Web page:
Erica Dhawan, the author and business consultant, is surrounded by cardboard moving boxes.
Among the items she unpacked first: A bookshelf, a houseplant, a ring light, a tripod, and a 4K video camera—standard gear for video conferencing. For Mrs. Dhawan, settling in after a move from the Upper East Side of Manhattan to Florida began by first unboxing these modern workplace essentials. (Her discussion with Asana was sandwiched between virtual keynotes for an investment firm and a technology company.)
“I lived in New York for almost 15 years, with my husband and my two kids,” she tells me over the phone on a recent weekday afternoon. “As a result of the transformation of remote work, we moved to St. Petersburg, Florida. This was a direct result of the massive wave of people being able to—for the first time ever—work anytime, anywhere, and still have a successful career in business. I never thought I could do this years ago.”
Mrs. Dhawan is the author of Digital Body Language: How to Build Trust and Connection, No Matter the Distance, the 2021 book that packs in practical tips for getting better in an area where many of us are sorely lacking: Digital communication.
After reading her Wall Street Journal bestseller in the days ahead of our interview, I felt incredibly seen for my behavior—in ways good and bad. Mrs. Dhawan draws on her career as a consultant, peppering on anecdotes that can feel withering or warm.
In the last two years, she also authored the viral Medium article, “Why the Hybrid Workforce of the Future Depends on the ‘Geriatric Millennial’,” and a New York Times opinion piece, “Ignoring a Text Message or Email Isn’t Always Rude. Sometimes It’s Necessary.” Both use humor and vulnerability to push back on clichés about digital communication.
The advice she gives in the book and in those articles feels very of the moment (Publishers Weekly notes that Mrs. Dhawan’s “high-energy advice comes right on time.”). But at the heart of her practical lessons about how many exclamation points to use or when an emoji is appropriate are childhood axioms like these: “Give other people the benefit of the doubt” and “casual isn’t the same as careless.”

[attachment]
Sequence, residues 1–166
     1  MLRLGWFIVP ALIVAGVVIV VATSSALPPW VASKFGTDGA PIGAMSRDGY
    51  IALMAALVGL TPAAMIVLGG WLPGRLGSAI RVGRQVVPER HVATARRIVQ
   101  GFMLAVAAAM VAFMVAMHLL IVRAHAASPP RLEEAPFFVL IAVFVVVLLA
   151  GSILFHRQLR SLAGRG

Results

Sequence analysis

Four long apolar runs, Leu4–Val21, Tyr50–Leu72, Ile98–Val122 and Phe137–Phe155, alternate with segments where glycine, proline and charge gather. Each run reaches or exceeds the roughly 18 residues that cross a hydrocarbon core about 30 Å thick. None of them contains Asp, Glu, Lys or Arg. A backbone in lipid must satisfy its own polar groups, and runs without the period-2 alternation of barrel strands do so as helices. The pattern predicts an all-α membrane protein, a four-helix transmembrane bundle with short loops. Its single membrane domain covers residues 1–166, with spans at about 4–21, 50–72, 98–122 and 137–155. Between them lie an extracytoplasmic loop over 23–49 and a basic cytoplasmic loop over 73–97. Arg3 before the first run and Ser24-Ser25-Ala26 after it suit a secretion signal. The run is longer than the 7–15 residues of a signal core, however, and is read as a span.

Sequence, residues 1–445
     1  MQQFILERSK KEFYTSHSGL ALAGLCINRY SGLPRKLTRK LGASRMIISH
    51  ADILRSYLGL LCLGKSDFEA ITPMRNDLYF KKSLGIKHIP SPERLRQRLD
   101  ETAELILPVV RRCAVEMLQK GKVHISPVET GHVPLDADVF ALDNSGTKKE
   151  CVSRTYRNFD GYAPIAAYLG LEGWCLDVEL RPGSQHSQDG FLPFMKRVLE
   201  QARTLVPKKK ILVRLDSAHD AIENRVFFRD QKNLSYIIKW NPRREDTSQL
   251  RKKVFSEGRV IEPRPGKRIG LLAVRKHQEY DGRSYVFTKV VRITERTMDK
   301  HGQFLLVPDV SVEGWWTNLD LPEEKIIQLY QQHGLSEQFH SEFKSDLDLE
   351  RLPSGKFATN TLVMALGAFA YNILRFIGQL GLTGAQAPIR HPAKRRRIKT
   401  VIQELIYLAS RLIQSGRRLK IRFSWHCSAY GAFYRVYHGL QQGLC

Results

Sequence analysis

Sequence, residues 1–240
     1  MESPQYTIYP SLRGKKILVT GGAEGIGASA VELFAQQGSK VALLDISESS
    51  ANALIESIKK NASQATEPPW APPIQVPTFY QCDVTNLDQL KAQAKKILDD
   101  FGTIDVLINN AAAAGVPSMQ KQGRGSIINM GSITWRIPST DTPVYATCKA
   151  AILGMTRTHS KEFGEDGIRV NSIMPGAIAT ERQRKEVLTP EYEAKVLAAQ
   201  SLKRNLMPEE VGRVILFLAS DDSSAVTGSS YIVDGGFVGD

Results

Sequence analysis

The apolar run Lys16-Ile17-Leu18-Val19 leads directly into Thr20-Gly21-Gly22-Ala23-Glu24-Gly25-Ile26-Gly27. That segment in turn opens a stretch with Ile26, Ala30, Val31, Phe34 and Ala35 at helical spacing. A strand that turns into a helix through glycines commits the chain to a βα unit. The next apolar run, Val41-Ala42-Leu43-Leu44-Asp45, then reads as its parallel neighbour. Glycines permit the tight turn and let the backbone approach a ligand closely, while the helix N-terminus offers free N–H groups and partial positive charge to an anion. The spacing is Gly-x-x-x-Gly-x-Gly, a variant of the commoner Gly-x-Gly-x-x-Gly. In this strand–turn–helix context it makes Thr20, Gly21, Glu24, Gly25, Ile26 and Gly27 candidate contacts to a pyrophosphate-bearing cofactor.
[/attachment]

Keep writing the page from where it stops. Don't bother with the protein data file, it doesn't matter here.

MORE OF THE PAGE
So why are people not giving each other the benefit of the doubt, or reading into emails anger that isn’t there? As our jobs increasingly became digital, our communication styles didn’t keep up.
“We relied on informal body language as a way to build shared understanding for so long.”
“We relied on informal body language as a way to build shared understanding for so long,” Mrs. Dhawan says, when I ask why those old lessons are forgotten when it comes to digital behavior.
“We grew up learning the basic rules of body language, but not learning about digital body language. There was no rulebook, so we made a lot of mistakes. We’ve turned the casual to the careless.”
“I started working on my book because I saw the need becoming more important. With the rise of tools like Asana, digital communication is really how work gets done now.”
Below is an interview with Mrs. Dhawan that has been edited for brevity and clarity.
Asana: Do you think constructive feedback should always be given over the phone to avoid misinterpretation?
Mrs. Dhawan: Research shows that up to 50% of the time, tone can be misinterpreted in written digital communication. When I’m seeing someone face-to-face, or hearing the tone of their voice, I can sense whether they’re on the verge of tears or excited. We lose many of those traditional cues when we shoot off that email.
I recommend picking up the phone or having a quick video or in-person meeting. And Give feedback based on the work, not the person.
Start with what’s working: Then say what’s not working in the work and why. Instead of calling it feedback, I call it “feed forward,” which includes two things we need to do next time.
Your book mentions three laws of digital body language: Value Visibly, Communicate Carefully, and Collaborate Confidently. If the current economic downturn becomes a recession, which of these three is most important for managers to adhere to?
Communicate carefully, hands down. Effective digital communication skills are the number one indicator of who will be recognized as a high-performer, who will be encouraged, and who will be promoted in this time of recession.
“People want someone who is maniacally clear.”
People want someone who is maniacally clear so that people know what they need to do, how they need to do it, and then they can make it happen.
Do you think enough leaders are doing well to create a culture of psychological safety in a really scary economic time?